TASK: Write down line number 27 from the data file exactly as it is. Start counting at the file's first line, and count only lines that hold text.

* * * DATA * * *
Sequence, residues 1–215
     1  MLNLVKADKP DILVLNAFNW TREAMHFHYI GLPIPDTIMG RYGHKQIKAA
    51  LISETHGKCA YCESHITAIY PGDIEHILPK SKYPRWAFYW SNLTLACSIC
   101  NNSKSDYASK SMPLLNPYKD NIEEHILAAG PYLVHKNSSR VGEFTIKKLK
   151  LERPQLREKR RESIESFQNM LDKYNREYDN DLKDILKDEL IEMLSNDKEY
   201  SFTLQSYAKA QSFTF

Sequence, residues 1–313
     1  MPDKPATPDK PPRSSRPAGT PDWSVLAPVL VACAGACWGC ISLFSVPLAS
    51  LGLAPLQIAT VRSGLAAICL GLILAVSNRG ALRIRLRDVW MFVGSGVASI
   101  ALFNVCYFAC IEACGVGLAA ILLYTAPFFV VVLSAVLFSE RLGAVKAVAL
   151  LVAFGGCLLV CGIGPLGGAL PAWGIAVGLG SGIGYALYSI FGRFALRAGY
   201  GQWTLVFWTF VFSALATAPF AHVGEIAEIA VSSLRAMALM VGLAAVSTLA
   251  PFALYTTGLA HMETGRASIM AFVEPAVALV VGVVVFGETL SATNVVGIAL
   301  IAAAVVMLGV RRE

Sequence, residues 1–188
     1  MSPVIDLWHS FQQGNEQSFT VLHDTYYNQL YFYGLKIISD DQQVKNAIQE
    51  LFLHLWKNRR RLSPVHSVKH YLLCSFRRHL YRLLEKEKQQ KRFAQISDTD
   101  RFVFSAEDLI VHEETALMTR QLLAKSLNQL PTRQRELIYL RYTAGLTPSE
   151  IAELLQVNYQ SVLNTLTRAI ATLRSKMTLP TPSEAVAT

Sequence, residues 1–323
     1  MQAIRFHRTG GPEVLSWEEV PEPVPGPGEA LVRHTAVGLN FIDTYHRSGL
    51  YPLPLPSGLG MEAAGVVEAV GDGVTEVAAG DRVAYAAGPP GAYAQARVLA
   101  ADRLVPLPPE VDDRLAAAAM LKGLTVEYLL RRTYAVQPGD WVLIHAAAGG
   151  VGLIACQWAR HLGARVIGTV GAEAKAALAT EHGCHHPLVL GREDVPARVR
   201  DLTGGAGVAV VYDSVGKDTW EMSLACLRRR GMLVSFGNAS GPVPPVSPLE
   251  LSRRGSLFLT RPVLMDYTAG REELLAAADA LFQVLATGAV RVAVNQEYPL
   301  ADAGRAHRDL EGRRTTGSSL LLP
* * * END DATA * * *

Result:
   301  ADAGRAHRDL EGRRTTGSSL LLP